If Wright is correct, Tuesday could be a pivotal day.  Stay tuned.

Iran Update

| Sun Jun. 21, 2009 12:03 PM PDT

The New York Times: "Estimates of the death toll in clashes [Saturday] between security forces and demonstrators protesting what they called a fraudulent presidential election varied. State television said that 10 had died, while radio reports said 19 people had been killed.  Major streets and squares of Tehran were saturated with police and Basij militia forces. There were reports of scattered confrontations with the police, but there was no confirmation of any new injuries Sunday evening.".....LA Times: "There was uncertainty over what might unfold next. Would protesters rally again despite the government's blunt warnings it would use force to clear the streets, as they did Saturday? Or were both sides recalibrating strategies to keep the nation from sliding into further chaos?"

Juan Cole: "The regime has arrested Faezeh Hashemi Rafsanjani, daughter of the former president, who spoke at a pro-Mousavi rally, along with 4 other members of that family. This step is typical of an old Iranian ruling technique, of keeping provincial tribal chieftains in check by keeping some of their children hostage at the royal court."

Roger Cohen reporting from Tehran: "I don’t know where this uprising is leading. I do know some police units are wavering.".....Shahram Kholdi: "There is a division in the ranks of the police, which in a way is a good sign. Two close friends [...] were stopped at a check point and their car trunk was full of posters and green bands. The constables took them to their immediate commander who confiscated all the material and ordered them to be arrested. However, as they were taken to another check point where the district commander was, he overruled his superiors [...] As they got in the car to leave the station, the district commander told them that they have to be extra careful and told them Movaffagh Bashid (meaning roughly 'good luck').".....Andrew Sullivan: "Just watch this pitched battle in the streets between a crowd and the riot police (via BBC Farsi). And watch it to the very end, as the police suddenly turn tail and run."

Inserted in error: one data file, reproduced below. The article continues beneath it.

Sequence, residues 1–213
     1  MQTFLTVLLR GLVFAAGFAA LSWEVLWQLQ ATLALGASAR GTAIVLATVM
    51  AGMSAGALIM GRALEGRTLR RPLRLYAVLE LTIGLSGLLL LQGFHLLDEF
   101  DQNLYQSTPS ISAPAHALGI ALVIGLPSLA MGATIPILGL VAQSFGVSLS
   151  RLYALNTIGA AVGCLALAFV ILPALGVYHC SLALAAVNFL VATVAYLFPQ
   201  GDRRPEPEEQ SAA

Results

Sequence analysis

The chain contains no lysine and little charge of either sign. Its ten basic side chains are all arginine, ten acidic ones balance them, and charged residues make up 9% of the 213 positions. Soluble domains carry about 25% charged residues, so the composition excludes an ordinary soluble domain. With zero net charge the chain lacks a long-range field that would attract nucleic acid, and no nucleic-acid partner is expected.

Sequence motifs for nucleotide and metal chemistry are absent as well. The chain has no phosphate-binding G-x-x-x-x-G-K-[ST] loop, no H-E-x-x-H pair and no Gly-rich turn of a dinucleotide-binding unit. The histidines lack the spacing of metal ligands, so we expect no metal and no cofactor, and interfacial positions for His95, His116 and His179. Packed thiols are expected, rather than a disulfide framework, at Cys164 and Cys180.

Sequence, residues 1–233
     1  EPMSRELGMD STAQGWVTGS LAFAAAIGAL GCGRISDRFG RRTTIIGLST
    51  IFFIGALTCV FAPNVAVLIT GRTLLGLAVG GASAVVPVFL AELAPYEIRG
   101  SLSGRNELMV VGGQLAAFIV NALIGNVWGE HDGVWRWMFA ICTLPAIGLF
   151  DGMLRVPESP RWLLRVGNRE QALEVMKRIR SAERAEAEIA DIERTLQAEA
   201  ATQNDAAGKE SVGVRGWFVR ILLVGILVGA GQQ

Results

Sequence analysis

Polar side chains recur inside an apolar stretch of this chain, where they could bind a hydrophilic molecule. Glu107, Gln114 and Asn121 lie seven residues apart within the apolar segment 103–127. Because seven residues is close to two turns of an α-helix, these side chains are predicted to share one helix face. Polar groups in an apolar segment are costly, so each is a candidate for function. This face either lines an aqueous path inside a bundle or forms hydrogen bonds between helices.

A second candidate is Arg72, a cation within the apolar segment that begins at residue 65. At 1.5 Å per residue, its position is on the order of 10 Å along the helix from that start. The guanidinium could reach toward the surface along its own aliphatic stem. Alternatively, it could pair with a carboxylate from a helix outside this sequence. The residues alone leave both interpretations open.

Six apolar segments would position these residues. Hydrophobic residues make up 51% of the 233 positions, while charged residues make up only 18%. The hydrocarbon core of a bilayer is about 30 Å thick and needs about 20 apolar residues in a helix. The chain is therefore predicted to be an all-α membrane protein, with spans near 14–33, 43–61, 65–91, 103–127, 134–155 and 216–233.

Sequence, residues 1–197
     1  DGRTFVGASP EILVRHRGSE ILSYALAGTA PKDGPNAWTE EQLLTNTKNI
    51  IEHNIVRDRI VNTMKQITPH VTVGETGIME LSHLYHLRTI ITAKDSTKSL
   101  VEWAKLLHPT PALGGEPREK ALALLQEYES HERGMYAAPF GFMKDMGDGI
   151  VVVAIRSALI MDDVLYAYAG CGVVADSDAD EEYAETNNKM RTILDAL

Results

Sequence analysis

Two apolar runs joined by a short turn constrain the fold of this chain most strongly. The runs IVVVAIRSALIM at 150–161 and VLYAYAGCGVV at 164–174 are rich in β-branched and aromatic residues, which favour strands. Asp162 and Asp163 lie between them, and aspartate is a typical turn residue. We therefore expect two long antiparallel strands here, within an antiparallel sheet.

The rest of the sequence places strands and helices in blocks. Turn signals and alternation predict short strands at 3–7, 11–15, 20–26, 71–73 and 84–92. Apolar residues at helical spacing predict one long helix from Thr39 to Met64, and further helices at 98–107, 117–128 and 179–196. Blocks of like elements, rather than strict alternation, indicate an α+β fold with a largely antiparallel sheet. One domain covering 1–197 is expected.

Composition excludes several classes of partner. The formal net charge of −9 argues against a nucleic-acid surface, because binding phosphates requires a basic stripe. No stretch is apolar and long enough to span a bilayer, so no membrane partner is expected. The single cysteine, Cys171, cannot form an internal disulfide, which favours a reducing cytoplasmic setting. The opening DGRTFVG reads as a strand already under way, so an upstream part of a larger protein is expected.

Chatham House on irregularities in the vote: "The massive increases from 2005, the collapse of regional variations, and the absence of any clear correlation between increases in turnout and increased support for any candidate on their own make the results problematic.".....BBC: "Iranian authorities have asked the BBC's correspondent in Tehran to leave the country within 24 hours."

Al Arabiya: "Iran's religious clerks in Qom and members of the Assembly of Experts, headed by former President Mahmoud Ahmedinejad, are mulling the formation of an alternative collective leadership to replace that of the supreme leader, sources in Qom told Al Arabiya on condition of anonymity.".....The Lede: "More splintering among Iran’s clerics is reported by Reuters.".....Fareed Zakaria: "Something very important has been laid bare in Iran today — legitimacy does not flow from divine authority but from popular support.".....Bill Clinton: "Basically, this is about a government trying to deny the modern world."

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Chart of the Day

| Sun Jun. 21, 2009 10:03 AM PDT

Republicans have been screaming blue murder for months about the cost of the cap-and-trade provision of the Waxman-Markey climate change bill.  It's going to cost us $1,600 each! No, that's wrong: it's going to cost us $3,100 each!  Head for the hills!

So Rep. Dave Camp, the ranking Republican on the House Ways and Means committee, asked the Congressional Budget Office for a verdict.  And guess what?  The net cost turned out to be — at most — $175 per household by the year 2020.  That's less than $70 per person: